EU is widely expected to announce Euro 7 regulations today

EU is widely expected to announce Euro 7 regulations today

The European Union is expected to announce the regulations for Euro 7 vehicle emission standards today, according to Bloomberg News. The new framework will tighten limits for pollutants, including carbon monoxide and nitrogen oxides from 2025 in the European Union.}

The regulations, which are part of the European “Green Deal,” will develop stricter vehicle emission standards for all petrol and diesel cars, vans, lorries and buses. Its announcement has been delayed numerous times and rumored that it might even be scrapped altogether. The regulations would be a requirement for all cars sold in the EU from around 2025-2026.}

The European Automobile Manufacturers’ Association (ACEA) has argued that the proposed vehicle emission standards were irrelevant, given the speed of adoption of electric vehicles (EVs) as manufacturers prepared for the 2035 end date for selling new ICE cars in both the EU and the UK. }

“Transition towards zero-emission cars/vans fleet will be spread across at least two decades, not least given the average lifetime of cars/vans of more than 11 years,” the draft said, according to Bloomberg News. “Meanwhile, in order to achieve the above policy objectives, the internal combustion-engine vehicles which will continue to be placed on the market need to be as clean as possible.”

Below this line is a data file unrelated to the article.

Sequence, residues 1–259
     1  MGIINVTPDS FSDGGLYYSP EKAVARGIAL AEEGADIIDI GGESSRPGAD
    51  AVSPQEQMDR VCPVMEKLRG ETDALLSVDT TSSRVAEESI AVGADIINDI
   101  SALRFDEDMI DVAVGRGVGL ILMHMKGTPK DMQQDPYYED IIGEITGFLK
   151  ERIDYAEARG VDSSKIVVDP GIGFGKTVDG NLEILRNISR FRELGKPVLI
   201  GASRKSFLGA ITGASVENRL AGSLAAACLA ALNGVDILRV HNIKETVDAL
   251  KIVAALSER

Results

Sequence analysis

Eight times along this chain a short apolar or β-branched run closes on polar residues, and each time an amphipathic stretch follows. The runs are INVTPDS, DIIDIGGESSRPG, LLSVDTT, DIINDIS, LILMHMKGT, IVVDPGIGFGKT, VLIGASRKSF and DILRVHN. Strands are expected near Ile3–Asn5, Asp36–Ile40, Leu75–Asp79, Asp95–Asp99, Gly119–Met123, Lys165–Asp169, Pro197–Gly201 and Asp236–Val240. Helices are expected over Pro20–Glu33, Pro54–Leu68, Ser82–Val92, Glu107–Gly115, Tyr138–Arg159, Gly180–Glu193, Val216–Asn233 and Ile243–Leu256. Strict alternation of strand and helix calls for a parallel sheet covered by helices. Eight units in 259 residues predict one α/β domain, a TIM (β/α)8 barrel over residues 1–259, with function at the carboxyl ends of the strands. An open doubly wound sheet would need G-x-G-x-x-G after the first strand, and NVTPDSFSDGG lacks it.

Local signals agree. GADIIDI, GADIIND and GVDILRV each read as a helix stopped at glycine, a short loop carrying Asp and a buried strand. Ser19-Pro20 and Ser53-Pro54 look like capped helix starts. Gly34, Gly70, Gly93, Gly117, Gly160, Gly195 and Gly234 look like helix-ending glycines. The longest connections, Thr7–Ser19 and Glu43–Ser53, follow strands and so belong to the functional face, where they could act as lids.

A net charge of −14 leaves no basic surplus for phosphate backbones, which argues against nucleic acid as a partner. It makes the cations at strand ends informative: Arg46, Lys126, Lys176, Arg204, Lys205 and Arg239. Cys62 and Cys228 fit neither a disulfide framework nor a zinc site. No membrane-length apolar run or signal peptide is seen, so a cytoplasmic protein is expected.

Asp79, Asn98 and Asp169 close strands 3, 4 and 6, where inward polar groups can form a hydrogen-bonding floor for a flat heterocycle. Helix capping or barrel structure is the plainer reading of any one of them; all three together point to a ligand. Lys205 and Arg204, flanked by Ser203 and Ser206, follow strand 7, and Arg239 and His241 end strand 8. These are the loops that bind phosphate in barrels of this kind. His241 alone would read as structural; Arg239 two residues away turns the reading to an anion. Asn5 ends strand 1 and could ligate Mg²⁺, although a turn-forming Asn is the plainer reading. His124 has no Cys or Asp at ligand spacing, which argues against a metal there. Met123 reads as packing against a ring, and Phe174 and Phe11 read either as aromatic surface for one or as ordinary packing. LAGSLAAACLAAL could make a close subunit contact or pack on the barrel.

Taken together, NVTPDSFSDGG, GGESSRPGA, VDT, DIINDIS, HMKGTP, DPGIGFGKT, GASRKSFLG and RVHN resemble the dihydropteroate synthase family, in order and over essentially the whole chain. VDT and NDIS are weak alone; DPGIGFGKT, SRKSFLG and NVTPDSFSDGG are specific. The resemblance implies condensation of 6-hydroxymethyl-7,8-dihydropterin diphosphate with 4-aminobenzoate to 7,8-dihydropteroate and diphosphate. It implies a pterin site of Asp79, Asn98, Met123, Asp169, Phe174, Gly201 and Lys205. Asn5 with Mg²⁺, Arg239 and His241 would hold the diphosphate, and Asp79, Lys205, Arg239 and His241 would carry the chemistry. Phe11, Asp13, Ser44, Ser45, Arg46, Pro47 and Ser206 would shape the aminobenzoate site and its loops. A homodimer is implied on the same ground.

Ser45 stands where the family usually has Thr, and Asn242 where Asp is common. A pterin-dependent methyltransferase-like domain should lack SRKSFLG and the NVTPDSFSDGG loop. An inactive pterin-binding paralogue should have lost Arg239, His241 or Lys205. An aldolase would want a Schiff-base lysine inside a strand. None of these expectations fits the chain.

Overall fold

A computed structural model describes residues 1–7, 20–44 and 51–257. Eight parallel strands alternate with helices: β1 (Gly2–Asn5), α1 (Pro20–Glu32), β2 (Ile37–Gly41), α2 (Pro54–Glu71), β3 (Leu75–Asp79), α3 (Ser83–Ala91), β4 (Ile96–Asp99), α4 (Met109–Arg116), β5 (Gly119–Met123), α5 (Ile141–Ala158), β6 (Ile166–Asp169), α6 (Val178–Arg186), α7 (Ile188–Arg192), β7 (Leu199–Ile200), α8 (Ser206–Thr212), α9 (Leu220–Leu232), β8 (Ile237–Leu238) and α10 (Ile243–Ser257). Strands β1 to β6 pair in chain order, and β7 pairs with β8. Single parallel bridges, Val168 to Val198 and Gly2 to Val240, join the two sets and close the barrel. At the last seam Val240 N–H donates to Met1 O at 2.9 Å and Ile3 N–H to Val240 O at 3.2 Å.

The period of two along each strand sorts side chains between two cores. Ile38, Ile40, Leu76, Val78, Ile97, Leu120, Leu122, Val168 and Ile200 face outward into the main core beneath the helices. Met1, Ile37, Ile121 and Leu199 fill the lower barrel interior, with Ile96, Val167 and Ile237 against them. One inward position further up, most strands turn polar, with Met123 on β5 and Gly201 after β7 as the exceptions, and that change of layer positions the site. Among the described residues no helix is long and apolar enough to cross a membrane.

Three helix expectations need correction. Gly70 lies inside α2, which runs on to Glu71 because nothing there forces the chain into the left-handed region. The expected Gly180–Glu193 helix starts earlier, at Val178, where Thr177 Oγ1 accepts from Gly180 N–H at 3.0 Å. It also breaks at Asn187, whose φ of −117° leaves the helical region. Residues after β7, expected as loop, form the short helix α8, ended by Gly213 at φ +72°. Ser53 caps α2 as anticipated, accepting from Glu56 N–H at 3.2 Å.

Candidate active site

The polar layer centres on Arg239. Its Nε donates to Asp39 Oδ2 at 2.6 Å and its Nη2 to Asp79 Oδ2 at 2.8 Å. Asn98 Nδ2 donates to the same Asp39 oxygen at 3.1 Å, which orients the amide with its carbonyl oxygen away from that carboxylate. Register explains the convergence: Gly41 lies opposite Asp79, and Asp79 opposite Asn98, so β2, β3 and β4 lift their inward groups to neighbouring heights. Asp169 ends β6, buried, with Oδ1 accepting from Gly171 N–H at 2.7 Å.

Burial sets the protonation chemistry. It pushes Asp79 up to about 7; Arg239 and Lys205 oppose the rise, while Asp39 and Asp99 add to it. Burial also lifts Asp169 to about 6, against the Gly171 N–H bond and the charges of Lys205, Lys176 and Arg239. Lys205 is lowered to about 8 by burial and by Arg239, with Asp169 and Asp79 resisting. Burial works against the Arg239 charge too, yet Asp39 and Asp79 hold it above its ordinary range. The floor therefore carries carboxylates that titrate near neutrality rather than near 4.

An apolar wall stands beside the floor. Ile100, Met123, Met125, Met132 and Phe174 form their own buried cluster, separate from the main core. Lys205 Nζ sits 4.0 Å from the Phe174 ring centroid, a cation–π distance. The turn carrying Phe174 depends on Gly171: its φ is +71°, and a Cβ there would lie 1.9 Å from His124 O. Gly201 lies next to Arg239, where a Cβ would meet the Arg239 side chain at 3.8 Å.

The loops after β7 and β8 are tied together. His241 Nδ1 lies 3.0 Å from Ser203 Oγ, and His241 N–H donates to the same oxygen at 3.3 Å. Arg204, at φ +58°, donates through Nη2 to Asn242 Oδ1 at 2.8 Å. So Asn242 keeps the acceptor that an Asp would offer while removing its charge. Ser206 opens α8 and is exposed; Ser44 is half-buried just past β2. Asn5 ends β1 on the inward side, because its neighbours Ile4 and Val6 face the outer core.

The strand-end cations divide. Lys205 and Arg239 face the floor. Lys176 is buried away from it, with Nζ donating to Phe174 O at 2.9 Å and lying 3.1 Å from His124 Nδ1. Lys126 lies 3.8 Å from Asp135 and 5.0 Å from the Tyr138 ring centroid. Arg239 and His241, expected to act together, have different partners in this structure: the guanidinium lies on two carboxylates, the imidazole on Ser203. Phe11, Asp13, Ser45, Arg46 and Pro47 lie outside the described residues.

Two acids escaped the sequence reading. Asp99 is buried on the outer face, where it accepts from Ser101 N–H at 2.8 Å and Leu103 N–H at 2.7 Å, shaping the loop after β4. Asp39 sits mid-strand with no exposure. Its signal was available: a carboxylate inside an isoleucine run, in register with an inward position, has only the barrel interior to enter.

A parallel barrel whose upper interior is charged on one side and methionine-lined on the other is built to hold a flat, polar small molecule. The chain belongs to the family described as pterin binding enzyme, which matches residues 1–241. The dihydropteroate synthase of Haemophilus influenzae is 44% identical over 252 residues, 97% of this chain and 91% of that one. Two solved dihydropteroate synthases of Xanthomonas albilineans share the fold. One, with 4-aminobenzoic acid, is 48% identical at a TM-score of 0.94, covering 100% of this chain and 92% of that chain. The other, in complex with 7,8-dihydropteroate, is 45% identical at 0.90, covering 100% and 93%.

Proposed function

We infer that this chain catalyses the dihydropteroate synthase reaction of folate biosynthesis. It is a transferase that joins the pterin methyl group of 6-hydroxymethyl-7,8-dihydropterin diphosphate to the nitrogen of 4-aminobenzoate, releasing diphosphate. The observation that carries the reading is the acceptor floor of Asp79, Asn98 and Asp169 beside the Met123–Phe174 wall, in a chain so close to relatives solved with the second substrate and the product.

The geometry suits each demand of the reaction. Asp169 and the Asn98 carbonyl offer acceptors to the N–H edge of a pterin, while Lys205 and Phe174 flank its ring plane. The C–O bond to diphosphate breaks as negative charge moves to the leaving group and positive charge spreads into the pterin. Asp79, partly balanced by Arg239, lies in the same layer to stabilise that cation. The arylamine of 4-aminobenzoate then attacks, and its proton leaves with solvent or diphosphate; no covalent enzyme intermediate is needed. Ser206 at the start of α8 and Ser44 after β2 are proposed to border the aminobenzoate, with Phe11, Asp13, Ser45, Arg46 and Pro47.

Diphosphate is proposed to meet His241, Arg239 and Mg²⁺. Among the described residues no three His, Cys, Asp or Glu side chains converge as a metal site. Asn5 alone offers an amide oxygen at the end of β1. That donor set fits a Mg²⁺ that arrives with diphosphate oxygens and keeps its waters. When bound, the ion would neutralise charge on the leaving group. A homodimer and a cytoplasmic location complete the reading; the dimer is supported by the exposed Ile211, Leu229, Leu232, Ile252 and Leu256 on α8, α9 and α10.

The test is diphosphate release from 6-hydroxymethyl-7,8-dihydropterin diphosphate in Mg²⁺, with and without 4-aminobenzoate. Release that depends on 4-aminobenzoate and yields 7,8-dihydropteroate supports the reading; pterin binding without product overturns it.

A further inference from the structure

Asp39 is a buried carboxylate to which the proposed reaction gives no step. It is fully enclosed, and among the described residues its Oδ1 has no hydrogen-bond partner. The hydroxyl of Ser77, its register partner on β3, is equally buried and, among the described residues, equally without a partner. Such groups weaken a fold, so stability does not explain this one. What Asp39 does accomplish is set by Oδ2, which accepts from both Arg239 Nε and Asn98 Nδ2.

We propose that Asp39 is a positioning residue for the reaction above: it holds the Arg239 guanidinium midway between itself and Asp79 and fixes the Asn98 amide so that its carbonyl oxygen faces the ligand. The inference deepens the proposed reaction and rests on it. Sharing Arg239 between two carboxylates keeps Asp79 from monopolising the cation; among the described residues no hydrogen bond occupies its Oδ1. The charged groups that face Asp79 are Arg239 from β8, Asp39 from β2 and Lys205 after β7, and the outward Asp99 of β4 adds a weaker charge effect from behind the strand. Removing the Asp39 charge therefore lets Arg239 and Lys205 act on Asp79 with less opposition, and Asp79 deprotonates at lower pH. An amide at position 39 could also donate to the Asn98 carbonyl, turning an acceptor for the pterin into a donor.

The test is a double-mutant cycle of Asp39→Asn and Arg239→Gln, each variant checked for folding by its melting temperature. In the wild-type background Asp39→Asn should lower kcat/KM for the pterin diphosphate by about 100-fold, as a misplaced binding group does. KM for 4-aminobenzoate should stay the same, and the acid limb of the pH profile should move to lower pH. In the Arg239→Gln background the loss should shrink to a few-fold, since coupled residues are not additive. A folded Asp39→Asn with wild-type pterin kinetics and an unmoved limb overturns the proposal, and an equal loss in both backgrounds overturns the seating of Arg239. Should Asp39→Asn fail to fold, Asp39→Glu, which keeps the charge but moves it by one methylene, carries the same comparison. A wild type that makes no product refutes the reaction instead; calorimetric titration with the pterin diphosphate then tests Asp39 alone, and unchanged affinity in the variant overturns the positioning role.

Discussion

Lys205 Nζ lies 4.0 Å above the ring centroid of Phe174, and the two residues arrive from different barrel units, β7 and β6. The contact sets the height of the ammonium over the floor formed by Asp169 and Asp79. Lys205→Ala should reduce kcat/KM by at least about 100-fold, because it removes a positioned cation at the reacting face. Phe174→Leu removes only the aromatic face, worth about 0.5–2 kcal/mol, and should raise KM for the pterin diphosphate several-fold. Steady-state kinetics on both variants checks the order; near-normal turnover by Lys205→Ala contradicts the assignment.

The expected announcement comes after the European Union reached a landmark deal on October 27 to effectively ban new internal combustion engine vehicles starting in 2035. The EU's three key institutions—its executive arm, the parliament and member states —agreed to require automakers to reach a zero-emission target by 2035. The decision means that new gasoline and diesel cars will not be registered for use on the region's roads after 2035.  The deal also included a 55% reduction in CO2 emissions for new cars sold from 2030 versus 2021 levels, much higher than the existing target of a 37.5% reduction by then.

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